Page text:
|No. 198 Squadron RAF|
|Branch||Royal Air Force|
|Motto(s)||Latin: Igni renatus|
"Born again in fire"
|Squadron badge heraldry||A phoenix holding in its beak a sword|
No. 198 Squadron was a Royal Air Force aircraft squadron that operated during the Second World War particularly in the ground attack role as the allies advanced through continental Europe.
No. 198 Squadron was formed at Rochford on 1 June 1917 with Avro 504K biplanes to teach pilots elementary night flying and later a comprehensive night flying course for home defence pilots. It disbanded at Rochford in September 1919.
The squadron reformed at RAF Digby as a fighter squadron equipped with the Hawker Typhoon on 8 December 1942. From March 1943 198 Squadron joined 609 Squadron at RAF Manston where it provided fighter-escorts to the twin-engined Westland Whirlwind fighter-bombers on sorties into continental Europe. Over the next nine months 198 Squadron and 609 Squadron were the only Typhoon units to operate full-time on escort duties for RAF and USAAF bombers and long-range fighter sweeps (code-named "Ramrods") over France, Belgium and the Netherlands; during these operations the squadron used long-range Typhoons each equipped with a cigar-shaped 45 imp gallon fuel tank mounted below each wing. In these roles the unit was very successful, becoming one of the top scoring Typhoon units.
During this time most of the other Typhoon units began to be equipped with bomb racks or RP-3 rocket rails and had started training to carry out ground attack operations in preparation for the cross-Channel invasion.
After building up a score of enemy aircraft destroyed the squadron changed role to ground attack at the beginning of 1944, when the Typhoons were fitted with RP-3 rockets. In January 1944 the squadron became part of the Second Tactical Air Force's "123 Airfield" (later known as 123 Wing),[note 1] partnered with 609 Squadron. Initially 123 Airfield was commanded by New Zealander Wing Commander Desmond J. Scott.
The squadron lost several of its pilots during this re-organisation to bring them into line with 2nd TAF's established strength requirements, and the ground crew echelon was completely changed. Morale slumped for a short while, but soon picked up as the squadron became familiarised with its new role. In March 1944 Scott was replaced by Wg Cdr R. E. P Brooker and 123 Wing moved to an "Armament Practice Camp" (APC) at Llanbedr in Wales[note 2] before moving in April to RAF Thorney Island in preparation for D-Day. After the landings the squadron was heavily involved in fighting around Caen using the rocket-equipped Typhoons against tanks and enemy positions. In July it moved to France and followed the advancing troops into the Netherlands and eventually moving to Wunstorf in Germany in May 1945. On 15 September 1945 the squadron was disbanded.
The RAF's top scoring Typhoon pilot was 198 Squadron's John Robert Baldwin, who claimed 15 aircraft shot down during 1942–44. Baldwin became commanding officer of the squadron in November 1943 and relinquished command in April 1944. He continued his association with 198 Squadron and ended the war as a Group Captain commanding No, 84 (Typhoon) Group.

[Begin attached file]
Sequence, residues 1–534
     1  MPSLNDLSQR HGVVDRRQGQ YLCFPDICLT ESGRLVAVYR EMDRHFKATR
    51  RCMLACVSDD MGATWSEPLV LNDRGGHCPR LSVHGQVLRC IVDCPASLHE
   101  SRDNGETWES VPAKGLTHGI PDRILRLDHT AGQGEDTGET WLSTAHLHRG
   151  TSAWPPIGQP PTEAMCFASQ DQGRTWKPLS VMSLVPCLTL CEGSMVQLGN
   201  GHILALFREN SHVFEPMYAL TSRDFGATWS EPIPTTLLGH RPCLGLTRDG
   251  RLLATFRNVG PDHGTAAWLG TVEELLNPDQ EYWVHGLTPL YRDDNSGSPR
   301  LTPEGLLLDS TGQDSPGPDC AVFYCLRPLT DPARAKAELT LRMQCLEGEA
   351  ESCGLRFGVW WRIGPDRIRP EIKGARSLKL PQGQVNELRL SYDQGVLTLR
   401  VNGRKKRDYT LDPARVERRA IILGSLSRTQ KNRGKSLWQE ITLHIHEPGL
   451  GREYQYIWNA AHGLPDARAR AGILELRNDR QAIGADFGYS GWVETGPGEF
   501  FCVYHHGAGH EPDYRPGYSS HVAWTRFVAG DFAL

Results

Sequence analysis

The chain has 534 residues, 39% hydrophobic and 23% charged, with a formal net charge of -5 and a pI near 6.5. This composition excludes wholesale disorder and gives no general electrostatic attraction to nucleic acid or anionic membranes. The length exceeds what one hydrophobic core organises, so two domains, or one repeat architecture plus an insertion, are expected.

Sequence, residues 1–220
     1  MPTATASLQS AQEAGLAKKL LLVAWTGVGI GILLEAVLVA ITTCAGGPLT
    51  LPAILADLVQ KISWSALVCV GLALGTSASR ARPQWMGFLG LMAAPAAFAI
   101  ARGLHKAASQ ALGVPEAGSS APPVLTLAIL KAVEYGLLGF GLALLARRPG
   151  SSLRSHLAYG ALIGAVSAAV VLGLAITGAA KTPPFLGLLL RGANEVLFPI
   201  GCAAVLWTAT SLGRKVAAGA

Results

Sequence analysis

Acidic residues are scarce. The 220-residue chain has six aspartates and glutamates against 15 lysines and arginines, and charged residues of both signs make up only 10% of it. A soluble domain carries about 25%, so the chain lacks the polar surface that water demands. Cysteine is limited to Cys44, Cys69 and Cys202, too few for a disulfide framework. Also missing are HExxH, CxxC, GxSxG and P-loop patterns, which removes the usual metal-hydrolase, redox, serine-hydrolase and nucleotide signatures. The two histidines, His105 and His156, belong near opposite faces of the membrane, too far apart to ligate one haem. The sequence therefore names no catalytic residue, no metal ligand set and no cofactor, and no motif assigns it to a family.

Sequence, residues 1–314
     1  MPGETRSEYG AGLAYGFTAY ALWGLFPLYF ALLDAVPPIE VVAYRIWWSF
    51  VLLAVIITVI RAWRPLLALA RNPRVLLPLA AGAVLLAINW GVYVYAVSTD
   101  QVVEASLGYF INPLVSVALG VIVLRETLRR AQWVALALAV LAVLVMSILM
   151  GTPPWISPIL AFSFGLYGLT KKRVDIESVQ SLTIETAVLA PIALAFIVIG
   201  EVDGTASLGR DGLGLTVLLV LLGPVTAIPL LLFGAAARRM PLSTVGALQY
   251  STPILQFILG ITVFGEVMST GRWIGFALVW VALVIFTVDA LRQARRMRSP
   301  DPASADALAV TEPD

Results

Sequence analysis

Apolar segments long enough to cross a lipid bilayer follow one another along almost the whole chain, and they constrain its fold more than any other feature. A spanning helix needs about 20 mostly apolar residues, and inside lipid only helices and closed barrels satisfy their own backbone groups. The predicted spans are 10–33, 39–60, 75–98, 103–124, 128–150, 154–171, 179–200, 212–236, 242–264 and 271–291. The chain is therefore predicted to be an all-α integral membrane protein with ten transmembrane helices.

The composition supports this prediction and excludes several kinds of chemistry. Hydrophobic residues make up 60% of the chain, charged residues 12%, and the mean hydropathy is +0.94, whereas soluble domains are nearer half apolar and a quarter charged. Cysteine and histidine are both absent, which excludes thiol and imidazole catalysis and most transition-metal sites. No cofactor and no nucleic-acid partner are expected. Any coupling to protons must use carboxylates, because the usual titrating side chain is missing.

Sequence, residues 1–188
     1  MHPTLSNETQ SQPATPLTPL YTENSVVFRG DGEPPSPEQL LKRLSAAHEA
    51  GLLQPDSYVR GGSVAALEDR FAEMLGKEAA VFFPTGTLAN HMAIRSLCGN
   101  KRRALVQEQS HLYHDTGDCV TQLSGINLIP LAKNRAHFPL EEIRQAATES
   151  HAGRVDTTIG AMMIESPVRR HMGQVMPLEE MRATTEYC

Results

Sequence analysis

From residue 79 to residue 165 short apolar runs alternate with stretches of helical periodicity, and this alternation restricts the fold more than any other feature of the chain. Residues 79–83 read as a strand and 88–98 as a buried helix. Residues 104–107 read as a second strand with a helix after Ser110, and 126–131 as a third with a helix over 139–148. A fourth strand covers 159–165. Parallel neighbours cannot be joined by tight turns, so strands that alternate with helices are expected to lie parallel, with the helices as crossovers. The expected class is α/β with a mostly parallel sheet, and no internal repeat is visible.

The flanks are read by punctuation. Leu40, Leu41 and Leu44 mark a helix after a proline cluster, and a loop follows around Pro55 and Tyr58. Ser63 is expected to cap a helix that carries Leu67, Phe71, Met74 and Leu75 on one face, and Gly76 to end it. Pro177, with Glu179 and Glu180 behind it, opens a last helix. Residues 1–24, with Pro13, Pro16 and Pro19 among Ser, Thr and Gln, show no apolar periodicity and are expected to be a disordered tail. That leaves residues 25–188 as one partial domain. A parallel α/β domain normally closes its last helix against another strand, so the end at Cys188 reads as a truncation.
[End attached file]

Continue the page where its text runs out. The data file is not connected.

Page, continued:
|1942–1943||Hawker Typhoon||IA||Original 12 x .303 armed Typhoon variant. A few were used to train pilots.|
|1942–1944||Hawker Typhoon||IB||Main production variant. Armed with 4 20mm cannon. Squadron used aircraft equipped with RP-3 rockets from early 1944.|
|Dates||Aircraft lost||Pilots killed||Unit roles – notable events|
|16 February 1943 – 31 December 1943||25||9||Training and squadron work-up. Fighter interception missions over English coast and long-range fighter sweeps and bomber escort missions over France|
|1 January 1944 – 5 June 1944||12||10||Became part of 123 Airfield, 2 TAF. Start of ground attack operations. Attacks on V-1 flying bomb launch sites, coastal radar installations|
|6 June 1944 – 31 December 1944||27||20||123 Airfield operating during D-Day and Battle of Normandy. Intensive ground attack sorties in support of ground troops: Caen breakout and Falaise pocket|
|1 January 1945 – 8 May 1945||16||4||Bodenplatte to V-E Day|
|9 May 1945 – 15 September 1945||1||-||Squadron officially disbanded 15 September|
|Name||Awards||Period in command||Notes|
|S/Ldr J. W. Villa||DFC||Dec 1942 – May 1943.|
|S/Ldr J. Manak||DFC||May 1943 – Aug 1943.||Shot down by flak, ditched aircraft west of Knocke, became PoW, 28 August 1943.|
|S/Ldr C C F Cooper||Aug 1943 – October 1943||Shot down by flak, baled out near Klundert, became PoW, 4 October 1943.|
|S/Ldr J. M. Bryan||DFC||Aug 1943 – Nov 1943.|
|S/Ldr J. R. Baldwin||DSO, DFC & Bar||Nov 1943 – Apr 1944.||Top scoring Typhoon pilot. Moved from 609 Squadron to command 198. Went on to become Group Captain 84 Group. MIA Korean War .|
|S/Ldr J. M. Bryan||DFC||Apr 1944 – May 1944.||Went on to become Wing Commander, C/O 136 Wing. Shot down by flak : KIA 10 June 1944.|
|S/Ldr J. Niblett||DFC||May 1944 – June 1944.||Shot down by flak attacking radar site near Dieppe and killed 2 June 1944.|
|S/Ldr I. J. Davies||DFC||June 1944.||Shot down by flak engaging ground target near Cherbourg: KIA 22 June 1944.|
|S/Ldr Y. P. E. H. Ezanno||Croix de Guerre||June 1944 – Oct 1944.||Free French Air Forces. Tour ended 22 October 1944.|
|S/Ldr A. W. Ridler||Oct 1944 – Dec 1944.|
|S/Ldr N. J. Durrant||DFC||Dec 1944 – Sept 1945.|
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